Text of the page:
President Mokgweetsi Masisi has this week reiterated that it is not the responsibility of government to create jobs amid unprecedented rising levels of unemployment, following the release of the latest unemployment figures by Statistics Botswana.
About 200 000 Batswana are actively seeking employment while 68 000 have given up on getting a job, according to Statistics Botswana, who this week released results of a first of its kind Quarterly Multi-Topic Survey on Labour Force. While it has been a trend to see unemployment decreasing, this time the percentage took a backflip, increased, producing a likely worrisome trend due to possible grievous consequences to the economy.
“It is never a good indicator when you are regressing. If you see a situation where unemployment numbers are increasing, it can never be a good indicator. It is not a movement in a right direction,” First National Bank Botswana (FNBB) Chief Economist Moatlhodi Sebabole told WeekendPost on Wednesday. “It is a challenge to the economy because people are economic agents. When people are unable to find jobs; and their salaries are stagnant, and there are no new entrants in the job market and there is no new generation of income, it has ripple effects in the economy.”
Moatlhodi, who also chairs the National Transformation Strategy, said unemployment means that the private sector, which has to create job opportunities is unable to do so, which may be due to various reasons such as demand and opportunities.“It is not [unemployment] a crisis but it is increasing the pressure that people feel, [that] the economy feels, and definitely [that] the entire country feels. The multiplying effect of it has got the implication on the day-to-day standards of living,” Moatlhodi said.
“It can go on to impact government because whereas government should be focusing on capital investment, there could be consideration to spend more on social welfare for those who are affected. It could [also] balloon the social expenditure.” Masisi, who inherited an ailing economy from his predecessor, Lt Gen Ian Khama, has been styled as “Jobs President” following his ascendance to the throne. Incidentally, the mandate of job creation was within Masisi’s orbit as Vice President a few years ago.
While Masisi has promised to create jobs, and has travelled the world in a bid to lure investors to set-up businesses in Botswana, his statements relating to job creation, continue to betray his probable ambition. Masisi has continuously indicated that there is “no need to set targets on number of jobs to be created under his government”, as well as asserting that government’s role in job creation is peripheral, while the bulk of it remains with the private sector.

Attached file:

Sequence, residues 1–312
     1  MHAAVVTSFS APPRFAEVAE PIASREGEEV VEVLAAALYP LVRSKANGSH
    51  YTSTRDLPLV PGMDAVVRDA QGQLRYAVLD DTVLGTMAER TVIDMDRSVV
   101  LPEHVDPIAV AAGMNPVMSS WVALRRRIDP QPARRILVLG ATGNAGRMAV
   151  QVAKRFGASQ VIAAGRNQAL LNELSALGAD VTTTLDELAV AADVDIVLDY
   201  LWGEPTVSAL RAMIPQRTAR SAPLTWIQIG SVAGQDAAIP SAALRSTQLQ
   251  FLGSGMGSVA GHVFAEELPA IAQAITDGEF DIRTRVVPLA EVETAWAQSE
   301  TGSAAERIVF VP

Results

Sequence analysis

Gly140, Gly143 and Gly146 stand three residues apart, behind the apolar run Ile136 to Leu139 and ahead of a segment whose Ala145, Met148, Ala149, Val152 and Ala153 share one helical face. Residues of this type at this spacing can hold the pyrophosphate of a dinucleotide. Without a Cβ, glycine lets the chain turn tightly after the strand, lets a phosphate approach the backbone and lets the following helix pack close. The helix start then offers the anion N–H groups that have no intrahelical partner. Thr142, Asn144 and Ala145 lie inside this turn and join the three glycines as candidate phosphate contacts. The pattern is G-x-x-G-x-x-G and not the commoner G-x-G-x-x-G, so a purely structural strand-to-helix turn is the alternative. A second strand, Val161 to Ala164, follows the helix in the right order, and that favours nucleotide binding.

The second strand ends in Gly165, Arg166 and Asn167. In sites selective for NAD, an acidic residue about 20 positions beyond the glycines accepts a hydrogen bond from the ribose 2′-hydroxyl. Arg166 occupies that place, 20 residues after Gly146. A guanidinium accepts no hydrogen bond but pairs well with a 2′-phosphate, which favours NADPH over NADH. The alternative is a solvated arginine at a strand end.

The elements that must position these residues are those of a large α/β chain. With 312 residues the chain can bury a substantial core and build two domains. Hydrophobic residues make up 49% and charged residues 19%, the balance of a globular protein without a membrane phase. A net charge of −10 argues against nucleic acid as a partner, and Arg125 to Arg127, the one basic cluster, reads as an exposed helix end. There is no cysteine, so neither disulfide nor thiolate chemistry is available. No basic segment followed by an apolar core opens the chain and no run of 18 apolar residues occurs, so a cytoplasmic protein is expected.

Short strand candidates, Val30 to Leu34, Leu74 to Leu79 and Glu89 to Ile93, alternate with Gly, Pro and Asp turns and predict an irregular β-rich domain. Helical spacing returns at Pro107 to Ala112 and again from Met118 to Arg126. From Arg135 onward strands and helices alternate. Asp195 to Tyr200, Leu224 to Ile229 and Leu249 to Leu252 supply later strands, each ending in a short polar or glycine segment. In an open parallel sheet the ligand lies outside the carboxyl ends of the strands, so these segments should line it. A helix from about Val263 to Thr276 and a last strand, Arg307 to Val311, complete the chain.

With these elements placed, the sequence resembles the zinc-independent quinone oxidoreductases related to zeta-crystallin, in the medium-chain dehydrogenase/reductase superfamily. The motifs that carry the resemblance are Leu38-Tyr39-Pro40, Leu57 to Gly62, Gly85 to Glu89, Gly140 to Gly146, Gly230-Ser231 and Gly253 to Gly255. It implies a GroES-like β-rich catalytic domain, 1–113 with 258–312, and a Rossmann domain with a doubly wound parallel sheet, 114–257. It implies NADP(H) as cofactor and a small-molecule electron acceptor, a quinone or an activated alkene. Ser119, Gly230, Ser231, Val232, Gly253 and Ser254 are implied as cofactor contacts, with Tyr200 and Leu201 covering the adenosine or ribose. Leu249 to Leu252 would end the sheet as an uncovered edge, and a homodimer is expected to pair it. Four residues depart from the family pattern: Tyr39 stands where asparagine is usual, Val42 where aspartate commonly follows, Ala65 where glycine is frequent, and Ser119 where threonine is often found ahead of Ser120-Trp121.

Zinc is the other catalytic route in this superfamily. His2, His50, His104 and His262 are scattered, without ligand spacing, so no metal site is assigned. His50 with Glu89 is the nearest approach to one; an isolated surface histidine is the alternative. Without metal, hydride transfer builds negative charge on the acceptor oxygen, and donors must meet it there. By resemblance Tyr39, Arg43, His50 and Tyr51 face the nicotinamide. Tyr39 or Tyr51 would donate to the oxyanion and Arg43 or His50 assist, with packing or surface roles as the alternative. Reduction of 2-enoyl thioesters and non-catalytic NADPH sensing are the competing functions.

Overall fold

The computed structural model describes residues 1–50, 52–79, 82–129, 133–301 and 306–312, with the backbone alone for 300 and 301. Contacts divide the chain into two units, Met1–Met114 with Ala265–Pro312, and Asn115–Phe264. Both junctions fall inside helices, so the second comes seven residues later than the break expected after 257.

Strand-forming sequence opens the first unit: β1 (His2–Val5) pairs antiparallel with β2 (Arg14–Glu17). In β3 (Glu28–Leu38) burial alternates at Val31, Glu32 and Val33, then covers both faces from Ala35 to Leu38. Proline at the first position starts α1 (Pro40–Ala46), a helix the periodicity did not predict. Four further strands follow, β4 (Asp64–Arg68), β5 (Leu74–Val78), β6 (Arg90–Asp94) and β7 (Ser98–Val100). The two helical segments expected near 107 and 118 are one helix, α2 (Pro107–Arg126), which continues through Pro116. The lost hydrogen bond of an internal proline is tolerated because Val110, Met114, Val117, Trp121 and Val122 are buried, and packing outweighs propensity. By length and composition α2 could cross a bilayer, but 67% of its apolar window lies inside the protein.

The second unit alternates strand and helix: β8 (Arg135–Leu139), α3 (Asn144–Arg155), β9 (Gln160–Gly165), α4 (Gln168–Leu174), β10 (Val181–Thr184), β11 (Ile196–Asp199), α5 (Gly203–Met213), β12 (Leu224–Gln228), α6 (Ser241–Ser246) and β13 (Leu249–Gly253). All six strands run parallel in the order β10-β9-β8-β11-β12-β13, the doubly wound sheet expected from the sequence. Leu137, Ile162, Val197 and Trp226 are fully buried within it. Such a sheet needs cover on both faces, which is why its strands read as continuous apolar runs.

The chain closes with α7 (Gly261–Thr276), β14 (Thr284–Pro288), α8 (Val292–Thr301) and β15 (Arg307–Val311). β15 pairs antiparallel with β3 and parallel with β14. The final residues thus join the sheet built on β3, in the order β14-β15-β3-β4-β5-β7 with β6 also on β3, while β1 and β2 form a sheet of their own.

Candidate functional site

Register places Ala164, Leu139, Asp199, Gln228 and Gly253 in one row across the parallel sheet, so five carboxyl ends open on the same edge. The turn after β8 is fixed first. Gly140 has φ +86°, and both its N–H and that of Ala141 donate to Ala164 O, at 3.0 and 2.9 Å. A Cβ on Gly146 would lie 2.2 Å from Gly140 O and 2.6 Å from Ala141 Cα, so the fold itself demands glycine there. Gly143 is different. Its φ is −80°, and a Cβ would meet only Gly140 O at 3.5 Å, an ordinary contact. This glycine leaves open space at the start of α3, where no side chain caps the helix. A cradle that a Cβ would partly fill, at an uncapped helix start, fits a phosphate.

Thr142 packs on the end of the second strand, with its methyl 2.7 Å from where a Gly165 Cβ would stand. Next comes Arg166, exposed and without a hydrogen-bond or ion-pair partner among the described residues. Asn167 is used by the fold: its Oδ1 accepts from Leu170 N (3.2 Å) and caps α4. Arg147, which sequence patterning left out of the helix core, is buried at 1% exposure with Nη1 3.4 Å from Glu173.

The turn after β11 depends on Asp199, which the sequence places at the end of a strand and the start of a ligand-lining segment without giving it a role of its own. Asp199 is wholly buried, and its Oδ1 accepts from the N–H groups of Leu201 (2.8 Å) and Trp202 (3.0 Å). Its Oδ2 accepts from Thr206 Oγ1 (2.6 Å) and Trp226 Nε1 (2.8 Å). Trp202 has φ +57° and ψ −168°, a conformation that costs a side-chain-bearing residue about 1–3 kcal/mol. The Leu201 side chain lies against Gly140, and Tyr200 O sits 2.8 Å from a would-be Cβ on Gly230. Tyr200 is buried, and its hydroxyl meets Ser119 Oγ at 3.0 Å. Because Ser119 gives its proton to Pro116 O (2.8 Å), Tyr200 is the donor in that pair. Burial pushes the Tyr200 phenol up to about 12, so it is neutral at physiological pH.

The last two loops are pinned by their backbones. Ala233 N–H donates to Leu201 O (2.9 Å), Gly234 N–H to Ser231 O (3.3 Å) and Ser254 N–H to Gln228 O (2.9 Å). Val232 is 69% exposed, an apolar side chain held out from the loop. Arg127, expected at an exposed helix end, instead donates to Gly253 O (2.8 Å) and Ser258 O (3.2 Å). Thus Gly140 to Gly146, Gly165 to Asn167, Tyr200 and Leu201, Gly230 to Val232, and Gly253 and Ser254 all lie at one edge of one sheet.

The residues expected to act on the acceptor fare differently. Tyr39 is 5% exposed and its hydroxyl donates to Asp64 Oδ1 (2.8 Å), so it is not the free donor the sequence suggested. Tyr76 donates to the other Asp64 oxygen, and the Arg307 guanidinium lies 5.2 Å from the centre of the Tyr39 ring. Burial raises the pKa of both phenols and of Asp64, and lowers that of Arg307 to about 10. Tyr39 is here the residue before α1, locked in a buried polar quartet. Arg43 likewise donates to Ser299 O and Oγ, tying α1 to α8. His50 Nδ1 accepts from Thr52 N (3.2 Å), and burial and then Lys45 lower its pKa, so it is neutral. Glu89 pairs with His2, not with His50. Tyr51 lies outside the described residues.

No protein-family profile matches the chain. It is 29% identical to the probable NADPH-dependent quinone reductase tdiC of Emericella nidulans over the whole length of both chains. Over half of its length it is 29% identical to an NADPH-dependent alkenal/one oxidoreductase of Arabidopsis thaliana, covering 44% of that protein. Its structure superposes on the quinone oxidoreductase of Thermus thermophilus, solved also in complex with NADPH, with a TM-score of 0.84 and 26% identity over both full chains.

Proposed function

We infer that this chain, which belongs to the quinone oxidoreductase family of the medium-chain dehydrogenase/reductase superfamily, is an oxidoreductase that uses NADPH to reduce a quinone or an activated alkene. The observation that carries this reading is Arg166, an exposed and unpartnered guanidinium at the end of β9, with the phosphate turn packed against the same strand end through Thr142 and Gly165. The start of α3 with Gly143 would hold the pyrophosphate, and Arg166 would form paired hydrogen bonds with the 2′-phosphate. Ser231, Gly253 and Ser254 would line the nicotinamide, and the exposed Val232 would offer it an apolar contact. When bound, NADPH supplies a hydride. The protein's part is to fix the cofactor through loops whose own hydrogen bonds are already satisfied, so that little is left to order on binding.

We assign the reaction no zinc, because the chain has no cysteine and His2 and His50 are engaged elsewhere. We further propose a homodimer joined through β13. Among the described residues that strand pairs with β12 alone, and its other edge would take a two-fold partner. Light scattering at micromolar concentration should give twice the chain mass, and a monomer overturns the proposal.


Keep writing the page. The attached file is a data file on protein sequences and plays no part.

This week, Masisi when addressing the media following his return from Davos summit in Switzerland, said his government’s responsibly is “to create enabling environment” hoping that the private sector will then strive under such circumstances and create jobs. The vagueness relating to “creating enabling environment” is that, it is never pronounced. Creating enabling environment, under strict terms, essentially means taking care of all the necessary requirement for a competitive economy, which includes, but not limited to investing in infrastructure i.e. roads, power, internet, telecommunication and others.
This also means repealing laws that are anti-business, such as monopolies, permits and other laws are barriers to entry in business. Botswana has been declining in rankings as far as the competitiveness of its economy is concerned. For instance, in 2019, Global Competitiveness Report ranked Botswana 90th most competitive economy out of 140 countries, far much worse off than it ranked in 2009, where it was number 56 in the world.
In the same year, Doing Business Report, said Botswana is ranked 86 out of 190 countries far much worse than it did in 2006, when it was ranked 40th in the world. Botswana has fared poorly in pillars such as infrastructure, ICT adoption, and innovation capability, an indication that Masisi has more work to do, before he can confidently say, “he has created an enabling environment.”
In 2017, Head of South African Development Community (SADC) Public Private Partnership (PPP) Network, Kogan Pillay warned that Botswana and Africa will go into recession in the next 10 years if the country does not adequately invest in its infrastructural needs. Pillay, who has vast experience in the implementation of PPPs and has previously worked for the South African government, is of the view that Africa’s big investors will shun the continent because of lack of infrastructure necessary for doing business.
“World Bank has warned about this happening,” he said at a workshop organised by Ministry of Finance and Economic Management. “Africa would not attract FDI (Foreign Direct Investment) because nobody would want to do business in a country which does not have infrastructure. It makes doing business difficult,” Pillay stated. According to Pillay, Africa needs US$ 90 billion to fund its infrastructural needs but it only has US$45 million availed for such.
It is believed that Botswana’s infrastructural needs can be resolved by developing an effective PPPs framework. Pillay believes that Botswana is not ready for PPPs until it develops a legal frame work which will guide investment and implementation of PPPs. “What Botswana has now is a policy, but you need to put it into law like other countries including South Africa,” he said. Pillay said PPPs are long term concessions to the private sector and should be done in a prudent manner to avoid forcing the country into bad commitment.